In all honesty, MTDI pumps are a subject I'm going to cover very lightly. Yes, they can support anywhere from 100-300hp, but I've only ever seen one dyno of over 200hp with an MTDI pump. It was super smokey and the owner commented of a super touchy throttle and many, many hours of pump tinkering. As others said, total fueling package, engine build, and turbo determine your overall power. Not just a magical pump.

There's 100 different ways to do build a pump; the correct ways are expensive but simple, the cheap ways are complex. The whole debate between 17mm and 20mm driveshafts is honestly a joke in my personal opinion. The smallest cross section of either driveshaft are the two ears that drive the yoke that drives the cam plate. I had a chinese 12mm pumphead lock up on a 17mm shaft MTDI pump and it snapped the ears, not the shaft. So don't get hung up on the shaft. Go grab a 3mm allen key and see if you still think it's a big difference.

To get a full E-TDI setup to run is super simple once the ecu is tuned for standalone operation. 70% of the wires get removed and the only sensors left, are MAP, crank sensor, CTS, INJ pump, gas pedal, and 3rd injector. Add one two wire solenoid for boost control if you want to use that feature. You can also wire in the oem cruise control system easily so no frankenstein stuff is needed. No oem key or anything special is required either. The only sensor that will keep the vehicle from running is the crank sensor which in 7 years of running a TDI shop, I have never seen one fail. The chance of you having a zombie attack or shut off solenoid fail (which is still on a mechanical pump) is greater.

Once you get up to the 150-250hp range, the electronic motors with a vgt turbo drive sooooo much better than an mtdi setup. Less smoke, quieter, better mpg, perfect boost control, etc. Before anyone jumps on me for MTDI hating, I have a MTDI 2.0L AHU in my 81 rabbit. But it has a stock Ko3 on it with small nozzles and a 10mm pump head. It definitely has it's place as I didn't have an ecu/harness and just needed the thing to run, not go fast or do anything. My built wagon on the other hand with compound turbos, 12mm pump head, and 5x.013" nozzles is Electronic and drives like stock if you keep your foot off the floor. If you all want is under 150hp and nothing fancy or don't have the ecu/harness, then it's a good option. Otherwise, if you want to make some decent power with good manners, go electronic. You'll be very happy in the end.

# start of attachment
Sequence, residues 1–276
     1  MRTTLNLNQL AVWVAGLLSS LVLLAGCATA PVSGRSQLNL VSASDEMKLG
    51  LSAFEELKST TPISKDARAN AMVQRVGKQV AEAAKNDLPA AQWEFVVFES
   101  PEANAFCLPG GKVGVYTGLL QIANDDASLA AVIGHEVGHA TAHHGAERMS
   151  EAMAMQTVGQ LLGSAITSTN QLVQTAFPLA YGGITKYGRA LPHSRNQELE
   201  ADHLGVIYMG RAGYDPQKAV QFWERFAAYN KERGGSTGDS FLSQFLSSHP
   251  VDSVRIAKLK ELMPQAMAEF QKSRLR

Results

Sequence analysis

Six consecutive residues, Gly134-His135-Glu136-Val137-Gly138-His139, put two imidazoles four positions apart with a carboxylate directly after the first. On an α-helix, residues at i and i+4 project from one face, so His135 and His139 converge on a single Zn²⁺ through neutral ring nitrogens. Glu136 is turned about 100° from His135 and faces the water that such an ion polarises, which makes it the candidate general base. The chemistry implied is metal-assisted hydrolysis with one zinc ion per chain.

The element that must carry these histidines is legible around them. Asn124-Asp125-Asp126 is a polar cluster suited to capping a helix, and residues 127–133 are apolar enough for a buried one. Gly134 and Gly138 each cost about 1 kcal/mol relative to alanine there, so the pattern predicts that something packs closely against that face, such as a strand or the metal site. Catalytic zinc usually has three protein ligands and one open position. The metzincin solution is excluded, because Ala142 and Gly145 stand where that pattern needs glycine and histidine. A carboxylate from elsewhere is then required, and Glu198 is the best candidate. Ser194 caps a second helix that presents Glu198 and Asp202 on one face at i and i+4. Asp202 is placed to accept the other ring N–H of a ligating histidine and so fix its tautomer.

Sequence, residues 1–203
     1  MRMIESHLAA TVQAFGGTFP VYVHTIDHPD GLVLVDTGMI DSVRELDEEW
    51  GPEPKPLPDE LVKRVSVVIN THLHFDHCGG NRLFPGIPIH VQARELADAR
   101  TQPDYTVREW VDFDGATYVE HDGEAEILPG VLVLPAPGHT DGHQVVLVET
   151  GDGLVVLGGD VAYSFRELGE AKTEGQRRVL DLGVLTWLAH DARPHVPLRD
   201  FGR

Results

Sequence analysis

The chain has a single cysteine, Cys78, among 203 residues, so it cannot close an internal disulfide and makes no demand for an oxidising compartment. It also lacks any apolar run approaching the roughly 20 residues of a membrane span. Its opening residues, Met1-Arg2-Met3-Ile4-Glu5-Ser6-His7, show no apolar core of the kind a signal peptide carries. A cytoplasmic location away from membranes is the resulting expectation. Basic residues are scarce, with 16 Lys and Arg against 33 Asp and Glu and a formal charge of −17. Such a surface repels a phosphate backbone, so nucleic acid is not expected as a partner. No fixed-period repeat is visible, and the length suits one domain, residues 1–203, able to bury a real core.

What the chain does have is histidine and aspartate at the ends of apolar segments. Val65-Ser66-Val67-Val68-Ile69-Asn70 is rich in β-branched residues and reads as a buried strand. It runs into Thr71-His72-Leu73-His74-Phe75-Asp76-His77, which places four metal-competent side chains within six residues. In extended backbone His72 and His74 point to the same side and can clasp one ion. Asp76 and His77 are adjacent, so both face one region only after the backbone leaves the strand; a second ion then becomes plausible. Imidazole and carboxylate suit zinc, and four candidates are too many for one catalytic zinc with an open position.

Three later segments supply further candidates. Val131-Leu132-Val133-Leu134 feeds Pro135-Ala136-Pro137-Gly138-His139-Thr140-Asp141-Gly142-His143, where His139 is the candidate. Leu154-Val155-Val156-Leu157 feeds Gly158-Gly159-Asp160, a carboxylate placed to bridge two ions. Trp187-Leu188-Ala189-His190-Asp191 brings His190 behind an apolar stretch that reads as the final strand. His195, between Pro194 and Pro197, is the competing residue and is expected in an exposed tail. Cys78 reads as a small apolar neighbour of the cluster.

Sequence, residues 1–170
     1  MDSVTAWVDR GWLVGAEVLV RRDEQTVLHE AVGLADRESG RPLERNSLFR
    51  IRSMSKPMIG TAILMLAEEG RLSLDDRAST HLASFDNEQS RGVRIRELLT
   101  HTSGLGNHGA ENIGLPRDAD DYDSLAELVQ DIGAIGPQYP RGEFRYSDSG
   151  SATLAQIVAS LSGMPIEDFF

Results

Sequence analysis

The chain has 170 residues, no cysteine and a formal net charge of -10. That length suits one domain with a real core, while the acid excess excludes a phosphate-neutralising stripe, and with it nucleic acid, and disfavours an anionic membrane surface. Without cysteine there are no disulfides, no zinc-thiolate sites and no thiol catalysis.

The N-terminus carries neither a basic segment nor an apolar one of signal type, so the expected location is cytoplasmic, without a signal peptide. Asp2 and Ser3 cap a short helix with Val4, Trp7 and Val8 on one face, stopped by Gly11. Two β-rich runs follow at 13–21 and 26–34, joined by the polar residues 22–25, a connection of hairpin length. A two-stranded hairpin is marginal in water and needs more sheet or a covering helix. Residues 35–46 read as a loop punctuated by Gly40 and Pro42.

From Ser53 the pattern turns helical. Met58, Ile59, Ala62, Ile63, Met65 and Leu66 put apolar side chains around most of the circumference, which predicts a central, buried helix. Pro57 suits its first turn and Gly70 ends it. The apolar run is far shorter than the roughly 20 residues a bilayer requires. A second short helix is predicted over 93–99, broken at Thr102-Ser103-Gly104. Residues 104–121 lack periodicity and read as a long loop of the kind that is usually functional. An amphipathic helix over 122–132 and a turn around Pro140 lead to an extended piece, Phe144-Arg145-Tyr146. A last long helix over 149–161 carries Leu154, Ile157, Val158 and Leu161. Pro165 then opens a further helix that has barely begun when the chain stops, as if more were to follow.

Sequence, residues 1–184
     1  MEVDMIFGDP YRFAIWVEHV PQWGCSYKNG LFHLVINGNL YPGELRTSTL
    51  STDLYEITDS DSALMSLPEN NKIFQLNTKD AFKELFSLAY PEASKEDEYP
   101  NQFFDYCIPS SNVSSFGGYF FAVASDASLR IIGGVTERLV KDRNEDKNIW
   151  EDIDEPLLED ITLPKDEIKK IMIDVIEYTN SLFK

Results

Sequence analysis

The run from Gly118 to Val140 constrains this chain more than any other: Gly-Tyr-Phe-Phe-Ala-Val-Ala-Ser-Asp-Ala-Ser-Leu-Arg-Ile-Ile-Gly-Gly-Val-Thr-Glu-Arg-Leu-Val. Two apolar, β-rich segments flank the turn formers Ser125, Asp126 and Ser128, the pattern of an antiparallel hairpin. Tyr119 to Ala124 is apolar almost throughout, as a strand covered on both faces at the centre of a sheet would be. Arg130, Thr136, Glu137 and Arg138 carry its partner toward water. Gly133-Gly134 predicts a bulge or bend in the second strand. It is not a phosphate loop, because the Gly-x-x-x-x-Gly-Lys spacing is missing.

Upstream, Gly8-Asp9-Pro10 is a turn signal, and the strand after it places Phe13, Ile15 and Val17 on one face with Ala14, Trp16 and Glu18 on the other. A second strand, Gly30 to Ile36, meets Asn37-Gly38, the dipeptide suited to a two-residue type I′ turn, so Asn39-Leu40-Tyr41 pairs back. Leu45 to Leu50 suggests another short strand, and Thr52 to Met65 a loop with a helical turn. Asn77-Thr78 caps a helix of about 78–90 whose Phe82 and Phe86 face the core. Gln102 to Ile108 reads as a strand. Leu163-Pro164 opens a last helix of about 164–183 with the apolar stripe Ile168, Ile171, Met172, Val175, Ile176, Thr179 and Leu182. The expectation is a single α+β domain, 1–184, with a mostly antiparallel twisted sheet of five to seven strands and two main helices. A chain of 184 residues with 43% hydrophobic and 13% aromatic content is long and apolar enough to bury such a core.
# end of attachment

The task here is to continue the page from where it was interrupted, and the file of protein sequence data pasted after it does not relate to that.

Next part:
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In all honesty, MTDI pumps are a subject I'm going to cover very lightly. Yes, they can support anywhere from 100-300hp, but I've only ever seen one dyno of over 200hp with an MTDI pump. It was super smokey and the owner commented of a super touchy throttle and many, many hours of pump tinkering. As others said, total fueling package, engine build, and turbo determine your overall power. Not just a magical pump.

There's 100 different ways to do build a pump; the correct ways are expensive but simple, the cheap ways are complex. The whole debate between 17mm and 20mm driveshafts is honestly a joke in my personal opinion. The smallest cross section of either driveshaft are the two ears that drive the yoke that drives the cam plate. I had a chinese 12mm pumphead lock up on a 17mm shaft MTDI pump and it snapped the ears, not the shaft. So don't get hung up on the shaft. Go grab a 3mm allen key and see if you still think it's a big difference.

To get a full E-TDI setup to run is super simple once the ecu is tuned for standalone operation. 70% of the wires get removed and the only sensors left, are MAP, crank sensor, CTS, INJ pump, gas pedal, and 3rd injector. Add one two wire solenoid for boost control if you want to use that feature. You can also wire in the oem cruise control system easily so no frankenstein stuff is needed. No oem key or anything special is required either. The only sensor that will keep the vehicle from running is the crank sensor which in 7 years of running a TDI shop, I have never seen one fail. The chance of you having a zombie attack or shut off solenoid fail (which is still on a mechanical pump) is greater.

Once you get up to the 150-250hp range, the electronic motors with a vgt turbo drive sooooo much better than an mtdi setup. Less smoke, quieter, better mpg, perfect boost control, etc. Before anyone jumps on me for MTDI hating, I have a MTDI 2.0L AHU in my 81 rabbit. But it has a stock Ko3 on it with small nozzles and a 10mm pump head. It definitely has it's place as I didn't have an ecu/harness and just needed the thing to run, not go fast or do anything. My built wagon on the other hand with compound turbos, 12mm pump head, and 5x.013" nozzles is Electronic and drives like stock if you keep your foot off the floor. If you all want is under 150hp and nothing fancy or don't have the ecu/harness, then it's a good option. Otherwise, if you want to make some decent power with good manners, go electronic. You'll be very happy in the end.
Good info.I'll keep the shaft issue in mind.I understand about driveability issues and turbos.This will be in a boat running under load and at a constant rpm.There won't be any quick on off full throttle runs.It will be a slow run up to rpm and stay there until throttling down is required.

An E-TDI will fail, and shut down, if the charging system fails and the battery voltage drops.That's the reason I am going M-TDI.If I am out in rough water,I won't be able to stop and diagnose an E-TDI.I know the same can be said for M-TDI,but it's usually a fueling issue that shuts them down,which will be easy to diagnose and repair on the fly.It's either a bad lift pump or clogged filter.I will carry many spares and rebuild kits on board.My lift pump will be belt driven.I will have three filters 10 micron and 5 micron before the lift pump,and 2 micron engine mounted before IP.90% of the time the 2 micron filter is the cause of shut down.I will reduce that chance by having a fuel polishing system on board and using it frequently.